…and you wouldn’t be wrong. PET can be recycled to new plastic containers or polyester clothing. PET bottles that enter the European market are collected and recycled, giving new lives to what used to be single-use packaging.
However, you will be appalled to hear that in some places, this potential is not being taken advantage of at all! In the context of my Bachelor’s Thesis in mechanical engineering with ETH Zurich’s Design and Technology Lab I paired up with Donat Mehr, an industrial design student from Zurich University of the Arts (ZHDK), and travelled to a country where some people spend their days collecting recyclable plastic off the street, but look past PET bottles as if they didn’t exist. How is this possible, considering that among collectable plastics, PET has the highest recycling value?
The sad truth is that large multinational beverage corporations infuse PET bottles into countries that don’t have the technology and infrastructure to recycle them. That’s like giving someone a fast car without telling them that the breaks don’t work!
Accra, Ghana, March 2019
Enter rePATRN, a startup that buys a high-value plastic in a country where so-called pickers make a living by collecting plastic off the street. Seems like a quick win, right? In reality, after years of active advertisement of their offer, the only regular supply of PET bottles comes from a neighbouring dump.
Donat and I flew to Ghana as a student tandem. Our goal: to figure out how to make collecting PET bottles more attractive. We soon realized that the main barrier was the fact that bottles are full of air! The high volume of plastic bottles make transport uneconomical. If a person collects bottles and fills a truck 50 km away from rePATRN’s facility, the price received upon delivery of the bottles is equal to the price payed for transport. Zero dollars is not a very good daily wage. Following these observations, we began sketching out a system that would enable actors within the recycling chain to easily compress bottles at a small scale before transporting them to a buyer.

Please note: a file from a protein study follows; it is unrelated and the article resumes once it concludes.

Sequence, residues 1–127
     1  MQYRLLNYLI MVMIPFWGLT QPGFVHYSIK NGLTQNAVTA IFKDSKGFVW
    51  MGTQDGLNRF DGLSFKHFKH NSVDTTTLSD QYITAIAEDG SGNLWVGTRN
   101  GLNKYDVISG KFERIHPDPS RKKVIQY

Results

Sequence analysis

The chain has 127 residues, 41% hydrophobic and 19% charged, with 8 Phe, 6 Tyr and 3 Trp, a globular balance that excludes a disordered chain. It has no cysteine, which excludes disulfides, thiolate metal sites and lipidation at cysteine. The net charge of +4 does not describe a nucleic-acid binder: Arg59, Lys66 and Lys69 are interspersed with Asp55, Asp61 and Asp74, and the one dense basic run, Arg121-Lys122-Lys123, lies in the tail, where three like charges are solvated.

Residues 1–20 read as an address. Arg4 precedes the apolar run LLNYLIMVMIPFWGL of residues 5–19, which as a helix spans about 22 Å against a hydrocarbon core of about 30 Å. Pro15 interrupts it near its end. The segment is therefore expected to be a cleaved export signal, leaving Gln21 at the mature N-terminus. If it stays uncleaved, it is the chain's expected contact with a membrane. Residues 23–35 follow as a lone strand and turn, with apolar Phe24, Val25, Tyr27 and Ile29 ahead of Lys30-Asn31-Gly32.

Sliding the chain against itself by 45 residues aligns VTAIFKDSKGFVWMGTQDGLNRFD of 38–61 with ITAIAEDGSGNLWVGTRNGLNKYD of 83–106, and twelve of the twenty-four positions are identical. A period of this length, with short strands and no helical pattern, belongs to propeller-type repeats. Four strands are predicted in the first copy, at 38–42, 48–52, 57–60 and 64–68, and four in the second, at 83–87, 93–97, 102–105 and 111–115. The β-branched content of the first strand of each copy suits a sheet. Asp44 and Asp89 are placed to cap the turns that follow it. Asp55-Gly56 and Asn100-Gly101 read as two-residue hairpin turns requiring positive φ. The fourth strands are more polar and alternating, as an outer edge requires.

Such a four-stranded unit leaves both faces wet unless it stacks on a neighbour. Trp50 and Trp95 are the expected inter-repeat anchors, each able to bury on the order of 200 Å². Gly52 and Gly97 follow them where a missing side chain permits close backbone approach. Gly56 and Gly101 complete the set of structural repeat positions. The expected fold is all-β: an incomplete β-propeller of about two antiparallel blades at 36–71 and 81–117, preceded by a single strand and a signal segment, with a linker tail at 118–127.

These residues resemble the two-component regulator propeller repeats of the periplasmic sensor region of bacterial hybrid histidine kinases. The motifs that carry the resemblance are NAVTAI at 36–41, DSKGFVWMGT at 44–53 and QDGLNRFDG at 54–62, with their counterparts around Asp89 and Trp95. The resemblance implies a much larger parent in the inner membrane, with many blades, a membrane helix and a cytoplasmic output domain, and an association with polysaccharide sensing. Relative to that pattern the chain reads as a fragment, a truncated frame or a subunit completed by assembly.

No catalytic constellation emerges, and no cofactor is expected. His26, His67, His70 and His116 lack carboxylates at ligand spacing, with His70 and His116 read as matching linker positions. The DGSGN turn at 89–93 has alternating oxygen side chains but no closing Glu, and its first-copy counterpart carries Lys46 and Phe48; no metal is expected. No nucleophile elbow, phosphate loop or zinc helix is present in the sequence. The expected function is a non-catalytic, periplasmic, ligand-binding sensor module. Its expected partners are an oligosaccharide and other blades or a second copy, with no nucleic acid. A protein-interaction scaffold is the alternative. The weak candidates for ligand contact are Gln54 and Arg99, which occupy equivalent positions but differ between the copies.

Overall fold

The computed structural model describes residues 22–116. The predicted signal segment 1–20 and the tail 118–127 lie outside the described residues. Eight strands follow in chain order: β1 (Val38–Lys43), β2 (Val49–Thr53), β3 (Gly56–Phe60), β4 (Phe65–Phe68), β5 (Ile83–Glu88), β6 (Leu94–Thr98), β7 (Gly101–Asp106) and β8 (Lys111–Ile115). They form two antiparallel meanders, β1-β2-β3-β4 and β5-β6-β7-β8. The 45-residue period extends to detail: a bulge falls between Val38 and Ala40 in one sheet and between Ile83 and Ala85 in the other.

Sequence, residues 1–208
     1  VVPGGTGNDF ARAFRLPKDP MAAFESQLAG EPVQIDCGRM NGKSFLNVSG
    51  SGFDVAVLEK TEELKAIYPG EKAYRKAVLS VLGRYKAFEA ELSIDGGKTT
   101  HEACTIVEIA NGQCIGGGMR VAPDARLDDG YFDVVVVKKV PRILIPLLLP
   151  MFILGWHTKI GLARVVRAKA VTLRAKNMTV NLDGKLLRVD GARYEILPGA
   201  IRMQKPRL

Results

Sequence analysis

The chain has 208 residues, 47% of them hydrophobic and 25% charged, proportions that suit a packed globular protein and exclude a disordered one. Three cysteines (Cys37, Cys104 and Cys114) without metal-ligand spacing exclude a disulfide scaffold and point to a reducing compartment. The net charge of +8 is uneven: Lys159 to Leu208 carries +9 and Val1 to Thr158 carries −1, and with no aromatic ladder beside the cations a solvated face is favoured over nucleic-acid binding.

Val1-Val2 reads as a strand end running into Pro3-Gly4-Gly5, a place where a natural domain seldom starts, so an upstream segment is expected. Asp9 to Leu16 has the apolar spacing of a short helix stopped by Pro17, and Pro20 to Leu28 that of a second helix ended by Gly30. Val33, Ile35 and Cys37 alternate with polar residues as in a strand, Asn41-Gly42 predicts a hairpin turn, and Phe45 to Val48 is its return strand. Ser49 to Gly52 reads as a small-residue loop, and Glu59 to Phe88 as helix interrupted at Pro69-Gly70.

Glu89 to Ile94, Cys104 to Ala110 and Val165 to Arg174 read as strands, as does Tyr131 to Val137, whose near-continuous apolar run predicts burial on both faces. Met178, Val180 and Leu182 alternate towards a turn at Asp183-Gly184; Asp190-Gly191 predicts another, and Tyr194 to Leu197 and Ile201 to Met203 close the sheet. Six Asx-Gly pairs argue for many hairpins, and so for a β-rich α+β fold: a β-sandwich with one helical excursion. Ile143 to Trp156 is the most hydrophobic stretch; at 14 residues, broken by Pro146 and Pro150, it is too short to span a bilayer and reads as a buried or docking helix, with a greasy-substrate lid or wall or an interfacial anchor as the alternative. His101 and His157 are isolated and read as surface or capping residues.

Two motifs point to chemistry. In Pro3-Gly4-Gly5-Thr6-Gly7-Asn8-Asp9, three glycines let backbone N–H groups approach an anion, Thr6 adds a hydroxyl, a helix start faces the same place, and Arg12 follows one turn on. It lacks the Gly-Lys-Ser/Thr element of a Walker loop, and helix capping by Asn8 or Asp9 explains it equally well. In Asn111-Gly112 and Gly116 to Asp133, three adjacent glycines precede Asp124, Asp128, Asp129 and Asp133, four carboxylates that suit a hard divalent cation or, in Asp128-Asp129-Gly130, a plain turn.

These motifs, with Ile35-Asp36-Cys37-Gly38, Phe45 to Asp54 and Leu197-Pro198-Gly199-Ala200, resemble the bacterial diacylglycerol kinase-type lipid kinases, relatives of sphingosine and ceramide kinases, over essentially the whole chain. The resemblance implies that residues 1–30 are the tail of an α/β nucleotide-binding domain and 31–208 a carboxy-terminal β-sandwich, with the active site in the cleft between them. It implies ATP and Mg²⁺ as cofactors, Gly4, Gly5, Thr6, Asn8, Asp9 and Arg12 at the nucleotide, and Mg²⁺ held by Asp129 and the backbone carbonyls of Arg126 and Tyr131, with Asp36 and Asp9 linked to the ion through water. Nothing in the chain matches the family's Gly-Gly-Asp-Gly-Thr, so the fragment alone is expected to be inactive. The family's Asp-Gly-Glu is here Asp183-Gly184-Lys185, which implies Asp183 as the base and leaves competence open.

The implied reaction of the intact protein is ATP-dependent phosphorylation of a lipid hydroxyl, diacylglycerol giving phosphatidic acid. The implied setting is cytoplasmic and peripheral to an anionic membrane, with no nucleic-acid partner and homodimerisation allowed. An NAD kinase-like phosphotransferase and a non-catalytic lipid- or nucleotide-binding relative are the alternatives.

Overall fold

Our trip was marked by long days and the unsavory smell of waste below a blazing sun. We skipped lunches, got our hands dirty (literally) and talked to as many people as we could. Dumpsite owners, waste pickers in the city, local engineers and members of recycling organizations... Little by little, we learned the details and particularities of the waste processing chain in Ghana.
Today, a compact mechanical compressor has the potential to make transportation of PET profitable in Ghana. The device we designed is simple and made of readily available parts, with widely used techniques. However, this is only part of the innovation.
Everything revolves around bottle collection hubs throughout the city, which we dubbed “PressPoints”. Like the press itself, the economic model must fit into the environment and be accepted in a culture that is entirely different to ours.
What’s next? We are quite aware that a week in Ghana doesn’t make us experts. Our PET press and the associated economic concept will go through several iterations in Accra. A first locally produced prototype of our press is currently being tested. rePATRN’s founder, Jeffrey Provencal, is confident that in a few years’ time, PressPoints will be scattered through the city, enabling Ghanaians to recycle PET, as it is meant to be.
More information about the Design and Technology Lab
The Design and Technology Lab is a cross-university education and research platform founded by the Industrial Design Programme at Zurich University of the Arts (ZHdK) and the Product Development Group of the Federal Institute of Technology in Zurich (ETH). Interdisciplinary tandem teams consisting of two students, one from each discipline, devote themselves to an industry or research project for three months to jointly develop a meaningful product concept and a prototype. Please check our website for more information on the lab and how to apply as an industrial partner: http://www.designtechlab.ch
You can also contact us directly: Jonas Conrad, firstname.lastname@example.org
About the author
Arthur Collins is a mechanical engineering student in his Master’s at ETH Zurich. A very hands-on person, Arthur takes advantage of every occasion he finds to tackle real-world problems and yield tangible results. Through various group projects at ETH Zurich and ZHDK, he has developed a passion for working in interdisciplinary settings, in particular where engineering meets design. In his free time, Arthur is an avid film maker and musician.
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